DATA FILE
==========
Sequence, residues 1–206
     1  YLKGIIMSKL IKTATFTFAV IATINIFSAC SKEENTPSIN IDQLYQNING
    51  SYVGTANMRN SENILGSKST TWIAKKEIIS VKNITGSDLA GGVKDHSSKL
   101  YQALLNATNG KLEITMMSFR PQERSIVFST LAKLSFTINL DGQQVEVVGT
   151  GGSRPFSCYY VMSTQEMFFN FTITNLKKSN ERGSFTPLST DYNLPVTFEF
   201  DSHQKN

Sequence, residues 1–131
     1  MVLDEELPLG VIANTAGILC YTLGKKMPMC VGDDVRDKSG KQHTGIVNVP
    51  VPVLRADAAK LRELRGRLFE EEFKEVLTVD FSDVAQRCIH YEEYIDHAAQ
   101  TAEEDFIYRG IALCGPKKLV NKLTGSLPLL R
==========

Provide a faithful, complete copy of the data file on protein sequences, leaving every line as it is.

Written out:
Sequence, residues 1–206
     1  YLKGIIMSKL IKTATFTFAV IATINIFSAC SKEENTPSIN IDQLYQNING
    51  SYVGTANMRN SENILGSKST TWIAKKEIIS VKNITGSDLA GGVKDHSSKL
   101  YQALLNATNG KLEITMMSFR PQERSIVFST LAKLSFTINL DGQQVEVVGT
   151  GGSRPFSCYY VMSTQEMFFN FTITNLKKSN ERGSFTPLST DYNLPVTFEF
   201  DSHQKN

Sequence, residues 1–131
     1  MVLDEELPLG VIANTAGILC YTLGKKMPMC VGDDVRDKSG KQHTGIVNVP
    51  VPVLRADAAK LRELRGRLFE EEFKEVLTVD FSDVAQRCIH YEEYIDHAAQ
   101  TAEEDFIYRG IALCGPKKLV NKLTGSLPLL R